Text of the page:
Not only did each invading state rely upon self-defence, but none suggested that humanitarian motives were of any influence. The removal of tyrants, tyrannical regimes or marauding armies was never argued as justification, nor yet did such a happy result receive approval in those terms. Vietnam was roundly criticised for its use of force against the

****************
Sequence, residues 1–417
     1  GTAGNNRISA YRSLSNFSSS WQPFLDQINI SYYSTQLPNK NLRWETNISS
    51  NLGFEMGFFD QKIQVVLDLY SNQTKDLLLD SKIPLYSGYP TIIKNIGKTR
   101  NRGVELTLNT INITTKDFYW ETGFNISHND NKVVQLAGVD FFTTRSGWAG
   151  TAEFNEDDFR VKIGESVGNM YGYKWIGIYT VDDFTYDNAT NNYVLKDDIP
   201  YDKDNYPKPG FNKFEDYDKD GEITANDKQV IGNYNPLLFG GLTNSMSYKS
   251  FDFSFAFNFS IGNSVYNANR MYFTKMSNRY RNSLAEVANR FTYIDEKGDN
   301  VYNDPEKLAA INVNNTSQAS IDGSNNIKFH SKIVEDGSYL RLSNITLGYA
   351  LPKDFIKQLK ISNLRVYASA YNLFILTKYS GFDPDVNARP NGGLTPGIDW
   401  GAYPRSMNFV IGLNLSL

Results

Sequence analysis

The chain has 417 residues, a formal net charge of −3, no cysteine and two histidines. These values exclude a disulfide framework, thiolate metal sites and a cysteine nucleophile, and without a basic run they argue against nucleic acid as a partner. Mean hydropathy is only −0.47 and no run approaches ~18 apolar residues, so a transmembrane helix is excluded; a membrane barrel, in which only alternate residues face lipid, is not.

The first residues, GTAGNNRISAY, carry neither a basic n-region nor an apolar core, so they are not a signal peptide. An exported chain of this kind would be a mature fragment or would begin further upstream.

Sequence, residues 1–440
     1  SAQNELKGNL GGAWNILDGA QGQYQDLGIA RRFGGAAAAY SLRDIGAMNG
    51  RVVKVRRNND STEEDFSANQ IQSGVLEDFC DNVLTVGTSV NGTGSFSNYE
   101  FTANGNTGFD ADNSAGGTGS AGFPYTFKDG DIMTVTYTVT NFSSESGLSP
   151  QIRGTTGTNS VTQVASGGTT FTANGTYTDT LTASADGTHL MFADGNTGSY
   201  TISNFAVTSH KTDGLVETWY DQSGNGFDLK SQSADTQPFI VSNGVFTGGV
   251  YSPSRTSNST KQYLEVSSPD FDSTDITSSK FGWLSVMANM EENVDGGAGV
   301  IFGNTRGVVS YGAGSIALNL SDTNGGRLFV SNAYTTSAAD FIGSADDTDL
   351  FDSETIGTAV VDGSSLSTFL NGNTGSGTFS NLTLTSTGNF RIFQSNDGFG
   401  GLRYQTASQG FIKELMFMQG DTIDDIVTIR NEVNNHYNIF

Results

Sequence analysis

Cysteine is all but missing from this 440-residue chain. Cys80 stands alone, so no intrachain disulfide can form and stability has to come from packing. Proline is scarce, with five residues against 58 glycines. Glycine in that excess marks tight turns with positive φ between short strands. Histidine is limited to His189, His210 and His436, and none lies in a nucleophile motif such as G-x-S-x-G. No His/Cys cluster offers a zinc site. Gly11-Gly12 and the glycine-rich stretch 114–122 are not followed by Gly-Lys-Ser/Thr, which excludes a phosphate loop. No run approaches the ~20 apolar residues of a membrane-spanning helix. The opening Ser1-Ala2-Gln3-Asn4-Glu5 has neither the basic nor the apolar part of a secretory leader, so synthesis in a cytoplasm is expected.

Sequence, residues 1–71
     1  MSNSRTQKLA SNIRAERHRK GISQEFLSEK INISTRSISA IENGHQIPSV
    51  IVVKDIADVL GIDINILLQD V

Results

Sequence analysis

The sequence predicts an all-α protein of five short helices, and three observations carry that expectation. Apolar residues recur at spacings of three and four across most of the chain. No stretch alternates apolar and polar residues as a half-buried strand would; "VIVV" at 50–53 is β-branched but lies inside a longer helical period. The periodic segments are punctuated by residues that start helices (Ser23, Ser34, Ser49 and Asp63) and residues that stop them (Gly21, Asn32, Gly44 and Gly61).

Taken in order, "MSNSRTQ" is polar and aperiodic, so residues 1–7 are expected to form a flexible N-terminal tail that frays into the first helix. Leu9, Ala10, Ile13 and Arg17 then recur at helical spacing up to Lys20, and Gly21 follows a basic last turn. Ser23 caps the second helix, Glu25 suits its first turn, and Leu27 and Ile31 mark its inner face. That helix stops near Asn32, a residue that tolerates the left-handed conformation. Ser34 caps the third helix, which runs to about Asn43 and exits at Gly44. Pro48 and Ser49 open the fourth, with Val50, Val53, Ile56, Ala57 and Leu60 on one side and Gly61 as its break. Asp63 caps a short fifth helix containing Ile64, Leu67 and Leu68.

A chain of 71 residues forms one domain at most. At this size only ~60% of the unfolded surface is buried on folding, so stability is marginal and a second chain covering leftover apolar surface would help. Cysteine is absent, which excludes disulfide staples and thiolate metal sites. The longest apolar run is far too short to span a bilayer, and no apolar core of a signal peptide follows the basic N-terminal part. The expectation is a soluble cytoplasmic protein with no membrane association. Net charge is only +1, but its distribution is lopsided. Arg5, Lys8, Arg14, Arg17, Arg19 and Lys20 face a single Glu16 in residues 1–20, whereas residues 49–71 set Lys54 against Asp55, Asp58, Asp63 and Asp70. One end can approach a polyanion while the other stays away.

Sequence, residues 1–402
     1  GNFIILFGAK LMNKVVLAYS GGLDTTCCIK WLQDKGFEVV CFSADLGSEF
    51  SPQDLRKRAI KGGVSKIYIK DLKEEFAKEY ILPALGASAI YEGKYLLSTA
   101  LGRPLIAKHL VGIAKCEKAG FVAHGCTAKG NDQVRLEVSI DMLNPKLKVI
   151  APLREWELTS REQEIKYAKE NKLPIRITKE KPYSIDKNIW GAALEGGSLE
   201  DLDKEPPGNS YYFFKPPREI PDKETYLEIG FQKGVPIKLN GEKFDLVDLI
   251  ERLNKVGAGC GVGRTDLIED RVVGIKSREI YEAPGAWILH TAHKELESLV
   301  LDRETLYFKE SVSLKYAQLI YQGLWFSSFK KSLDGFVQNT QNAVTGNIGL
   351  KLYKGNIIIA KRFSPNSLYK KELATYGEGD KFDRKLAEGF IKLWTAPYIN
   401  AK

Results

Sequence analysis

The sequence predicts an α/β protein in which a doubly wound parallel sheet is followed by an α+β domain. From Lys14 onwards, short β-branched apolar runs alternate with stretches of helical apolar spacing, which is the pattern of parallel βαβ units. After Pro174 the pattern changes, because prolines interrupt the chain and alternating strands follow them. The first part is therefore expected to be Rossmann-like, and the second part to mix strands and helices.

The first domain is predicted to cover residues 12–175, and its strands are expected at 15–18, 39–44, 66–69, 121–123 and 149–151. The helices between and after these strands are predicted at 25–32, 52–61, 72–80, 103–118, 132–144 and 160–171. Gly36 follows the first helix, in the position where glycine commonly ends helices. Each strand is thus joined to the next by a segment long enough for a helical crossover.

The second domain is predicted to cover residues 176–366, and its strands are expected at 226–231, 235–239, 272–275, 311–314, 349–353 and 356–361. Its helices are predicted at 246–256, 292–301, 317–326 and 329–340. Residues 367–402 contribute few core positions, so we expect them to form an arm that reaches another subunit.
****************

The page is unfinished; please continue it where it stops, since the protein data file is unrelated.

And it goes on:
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territorial integrity and political independence of Kampuchea even as the atrocities of the Pol Pot government were condemned. In fact before the intervention by NATO in Kosovo there had been only one occasion when a state had been prepared to justify such actions as a response to a humanitarian crisis. When the UK deployed forces along with the US, Italy, Holland and France in Northern Iraq after the first Gulf War of 1991, in order to provide safe havens for the Kurdish people under attack from Saddam Hussein, it was the British Foreign Office that stated, We believe that international intervention without the invitation of the country concerned can be justified in cases of extreme humanitarian need. Significantly, it was not suggested that the justification amounted to legal justification. Such a proposition would seem immediately incompatible with Article 2(4) of the UN Charter. How then should the intervention in Kosovo be characterised? Could it, and did it, represent a change in international law? Brief facts are relevant. When the Constitution of Yugoslavia was drafted in 1945, Kosovo was included as an autonomous region. It was inhabited by people who were divided by their religion and to some extent by their ethnicity. Some 90 per cent of the population (of 2.2 million) by the 1990s were Muslim and ethnically Albanian. The remaining 10 per cent were Serbs who were Orthodox Christians. Many of the religious and national sites most revered by the Serbs are to be found in Kosovo and there were tensions between the two groups. Significantly Kosovo was the poorest part of Yugoslavia and the Serbs had had little success in persuading ethnic Serbs to live there. A major reason for the election of Slobodan Milosevic as President in 1989 was his promise to promote Serbian interests in Kosovo. After his election he immediately withdrew Kosovo's autonomous status and this led to increasing tension and violence between the two communities. While opinions differ, the evidence seems to prove that Serbian aggression was provoking defensive action which in turn provoked more Serb violence with allegations of ethnic cleansing and other atrocities, including both murder and rape. In fact it is difficult to obtain clear evidence of exactly what was done to either community by the other but the Security Council was concerned by the violence and in 1998 imposed a mandatory arms embargo. A series of resolutions followed. Resolution 1199 of September 1998, expressly referring to the authority of Chapter VII, determined that the situation in Kosovo was one that was a threat to peace and security in the region.